Okay, here is the deal: Do you **like** bazaars? If you *don't* then you will not like this bazaar. If you *do* enjoy bazaars-- the hustle, bustle, crowds, noise, chaos, etc, then you *will* enjoy this bazaar. Reading through some of the other reviews, I am baffled by people who complain about the Kashgar bazaar when their fundamental issue is that...its a bazaar and they don't like bazaars!
The Kashgar bazaar is remarkable. It's crowded, it's noisy. It's very colorful. It's huge. There is an enormous array of things available for sale. The very few public toilets (located generally above street level) are vile. The sellers tend to be friendly. There is little to no English. Mandarin generally works fine. There is an incredible blend of customers-- locals (the largest group) and tourists, people from various neighboring nations, and semi locals (Tajiks, for example, who live nearby). The kids are a riot. You cannot find everything, but you will see things you haven't seen elsewhere: the peacock pattern so common in Kashgar on skirts, dresses, umbrellas, bolts of cloth, fans, and more. Toys and gadgets you don't see in the rest of China. Lots of spices (an opportunity to get the black tea (which is Hei cha, not hong cha), cardamon, dried flowers, goji berries and saffron that put together make the local Saffron Tea. It's a great place to stroll (or squeeze) and look at the people and stuff. We spent hours there until we (and the bazaar were running out of steam, in the mid-afternoon. It's fine to go for half an hour or an hour, just to get a feel for what it's like, or you can make it the day's adventure-- we spent more than four hours there, nearly five in fact, and it was great. We spent more than half an hour just looking at the vegetables.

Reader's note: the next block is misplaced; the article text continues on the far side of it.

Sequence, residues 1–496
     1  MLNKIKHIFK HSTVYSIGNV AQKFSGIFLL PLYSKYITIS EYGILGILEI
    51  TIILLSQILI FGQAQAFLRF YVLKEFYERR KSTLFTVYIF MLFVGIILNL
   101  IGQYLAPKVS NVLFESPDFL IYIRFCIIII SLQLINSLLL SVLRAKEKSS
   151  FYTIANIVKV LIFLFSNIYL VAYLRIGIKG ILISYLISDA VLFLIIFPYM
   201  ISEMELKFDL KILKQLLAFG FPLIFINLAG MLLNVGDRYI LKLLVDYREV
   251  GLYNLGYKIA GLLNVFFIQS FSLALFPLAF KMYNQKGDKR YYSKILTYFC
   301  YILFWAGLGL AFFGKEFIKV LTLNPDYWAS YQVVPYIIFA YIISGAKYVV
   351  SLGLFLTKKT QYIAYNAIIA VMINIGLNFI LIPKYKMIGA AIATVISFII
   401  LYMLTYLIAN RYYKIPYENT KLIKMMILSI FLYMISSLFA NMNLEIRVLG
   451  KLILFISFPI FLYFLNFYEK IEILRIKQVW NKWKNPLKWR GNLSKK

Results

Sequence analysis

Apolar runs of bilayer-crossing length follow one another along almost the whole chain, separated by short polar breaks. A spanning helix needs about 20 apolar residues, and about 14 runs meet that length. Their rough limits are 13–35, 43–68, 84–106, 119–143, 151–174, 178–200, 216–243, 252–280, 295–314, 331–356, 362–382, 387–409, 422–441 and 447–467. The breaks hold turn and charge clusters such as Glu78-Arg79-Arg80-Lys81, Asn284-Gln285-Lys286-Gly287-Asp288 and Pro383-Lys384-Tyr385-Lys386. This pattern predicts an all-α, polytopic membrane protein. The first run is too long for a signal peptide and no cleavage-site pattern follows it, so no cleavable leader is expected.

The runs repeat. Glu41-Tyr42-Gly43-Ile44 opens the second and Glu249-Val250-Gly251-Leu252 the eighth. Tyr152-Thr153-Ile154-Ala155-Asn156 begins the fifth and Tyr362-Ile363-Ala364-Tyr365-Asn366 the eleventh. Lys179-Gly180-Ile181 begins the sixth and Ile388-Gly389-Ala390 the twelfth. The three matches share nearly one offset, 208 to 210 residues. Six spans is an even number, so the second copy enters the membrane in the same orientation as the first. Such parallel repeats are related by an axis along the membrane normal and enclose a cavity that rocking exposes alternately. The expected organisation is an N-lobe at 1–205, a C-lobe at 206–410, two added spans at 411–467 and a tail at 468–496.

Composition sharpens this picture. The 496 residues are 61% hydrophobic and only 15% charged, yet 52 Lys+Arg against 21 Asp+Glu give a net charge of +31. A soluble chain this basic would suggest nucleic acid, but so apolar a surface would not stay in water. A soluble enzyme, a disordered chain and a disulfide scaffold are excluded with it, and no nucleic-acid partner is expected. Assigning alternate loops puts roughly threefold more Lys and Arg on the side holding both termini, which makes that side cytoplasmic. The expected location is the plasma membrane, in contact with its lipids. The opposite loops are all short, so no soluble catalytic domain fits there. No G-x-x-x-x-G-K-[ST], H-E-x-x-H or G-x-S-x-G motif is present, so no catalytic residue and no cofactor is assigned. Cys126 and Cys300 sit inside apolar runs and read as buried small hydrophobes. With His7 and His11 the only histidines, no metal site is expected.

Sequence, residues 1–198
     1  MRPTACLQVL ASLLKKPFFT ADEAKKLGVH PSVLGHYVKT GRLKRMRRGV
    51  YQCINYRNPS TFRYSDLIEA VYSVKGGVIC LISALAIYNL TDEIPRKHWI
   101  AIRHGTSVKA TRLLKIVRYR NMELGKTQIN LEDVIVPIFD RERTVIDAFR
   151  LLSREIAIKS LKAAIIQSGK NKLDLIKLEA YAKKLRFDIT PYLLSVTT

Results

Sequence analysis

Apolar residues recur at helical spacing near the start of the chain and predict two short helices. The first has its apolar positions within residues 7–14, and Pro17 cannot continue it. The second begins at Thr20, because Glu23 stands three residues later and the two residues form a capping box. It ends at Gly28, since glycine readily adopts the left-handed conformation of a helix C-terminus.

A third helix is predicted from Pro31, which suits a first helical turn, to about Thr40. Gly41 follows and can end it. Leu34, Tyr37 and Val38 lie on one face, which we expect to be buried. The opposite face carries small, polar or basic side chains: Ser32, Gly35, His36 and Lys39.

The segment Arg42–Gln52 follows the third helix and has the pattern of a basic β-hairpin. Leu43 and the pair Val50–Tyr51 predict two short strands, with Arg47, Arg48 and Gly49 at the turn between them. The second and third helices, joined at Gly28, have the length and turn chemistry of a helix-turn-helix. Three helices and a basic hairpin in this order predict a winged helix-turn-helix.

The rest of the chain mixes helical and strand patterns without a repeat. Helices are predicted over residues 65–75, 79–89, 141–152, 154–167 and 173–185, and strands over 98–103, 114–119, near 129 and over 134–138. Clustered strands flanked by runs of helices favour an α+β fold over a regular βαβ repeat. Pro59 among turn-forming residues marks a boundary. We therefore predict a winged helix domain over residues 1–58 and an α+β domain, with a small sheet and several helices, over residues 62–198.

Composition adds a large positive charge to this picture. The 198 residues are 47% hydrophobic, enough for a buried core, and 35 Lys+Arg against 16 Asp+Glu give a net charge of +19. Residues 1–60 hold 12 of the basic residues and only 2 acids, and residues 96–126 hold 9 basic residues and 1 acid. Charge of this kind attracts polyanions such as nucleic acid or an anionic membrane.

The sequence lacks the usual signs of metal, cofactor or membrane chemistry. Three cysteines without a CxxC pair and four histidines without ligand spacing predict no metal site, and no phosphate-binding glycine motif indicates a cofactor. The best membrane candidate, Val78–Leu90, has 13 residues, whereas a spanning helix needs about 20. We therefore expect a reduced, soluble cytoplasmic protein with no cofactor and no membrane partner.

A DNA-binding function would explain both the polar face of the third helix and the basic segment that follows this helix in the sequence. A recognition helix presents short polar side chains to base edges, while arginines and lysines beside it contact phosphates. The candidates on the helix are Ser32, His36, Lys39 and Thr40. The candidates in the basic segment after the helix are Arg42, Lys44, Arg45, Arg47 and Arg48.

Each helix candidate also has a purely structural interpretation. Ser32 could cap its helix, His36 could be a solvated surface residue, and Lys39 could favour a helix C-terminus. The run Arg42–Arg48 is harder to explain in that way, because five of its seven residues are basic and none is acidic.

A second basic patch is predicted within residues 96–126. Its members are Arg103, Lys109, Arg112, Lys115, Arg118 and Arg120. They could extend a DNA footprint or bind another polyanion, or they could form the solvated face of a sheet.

Remember these things though: make sure your wallet and passport are in an inner, secured, pocket. Keep some loose kuai handy in outer pockets, but not so much you would be overly sad if it got nicked. Stay hydrated-- if it's hot, you should be drinking pretty constantly. That may (or may not-- it depends how well you sweat) mean a trip or two to the yucky bathroom. That's still better than risking dehydration. Eat only well-cooked food from clean-looking stands or from nearby outside restaurants, or packaged food (potato chips and the like.) Smile a lot, and you'll get smiles in return. Don't be in a hurry-- the lanes are too narrow and the people too numerous for hurrying.